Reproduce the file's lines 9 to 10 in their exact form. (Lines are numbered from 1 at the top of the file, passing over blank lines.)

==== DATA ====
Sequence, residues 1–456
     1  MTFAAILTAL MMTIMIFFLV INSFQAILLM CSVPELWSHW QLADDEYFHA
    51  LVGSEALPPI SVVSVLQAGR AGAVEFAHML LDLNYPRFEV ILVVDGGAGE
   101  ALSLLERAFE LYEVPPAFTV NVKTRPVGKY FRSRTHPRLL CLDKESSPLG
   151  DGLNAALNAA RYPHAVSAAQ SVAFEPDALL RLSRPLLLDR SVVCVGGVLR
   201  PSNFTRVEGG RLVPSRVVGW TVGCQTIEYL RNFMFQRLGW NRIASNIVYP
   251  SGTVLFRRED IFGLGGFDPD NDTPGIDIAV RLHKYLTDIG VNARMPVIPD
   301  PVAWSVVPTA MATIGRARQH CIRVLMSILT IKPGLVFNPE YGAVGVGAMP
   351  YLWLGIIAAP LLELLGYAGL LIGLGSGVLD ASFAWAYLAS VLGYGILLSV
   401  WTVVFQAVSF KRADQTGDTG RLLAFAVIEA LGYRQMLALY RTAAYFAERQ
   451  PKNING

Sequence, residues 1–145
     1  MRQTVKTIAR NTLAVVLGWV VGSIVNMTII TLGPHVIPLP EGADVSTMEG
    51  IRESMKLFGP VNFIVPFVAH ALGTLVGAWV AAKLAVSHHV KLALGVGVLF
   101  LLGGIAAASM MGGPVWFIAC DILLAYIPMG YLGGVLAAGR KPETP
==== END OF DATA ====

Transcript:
   351  YLWLGIIAAP LLELLGYAGL LIGLGSGVLD ASFAWAYLAS VLGYGILLSV
   401  WTVVFQAVSF KRADQTGDTG RLLAFAVIEA LGYRQMLALY RTAAYFAERQ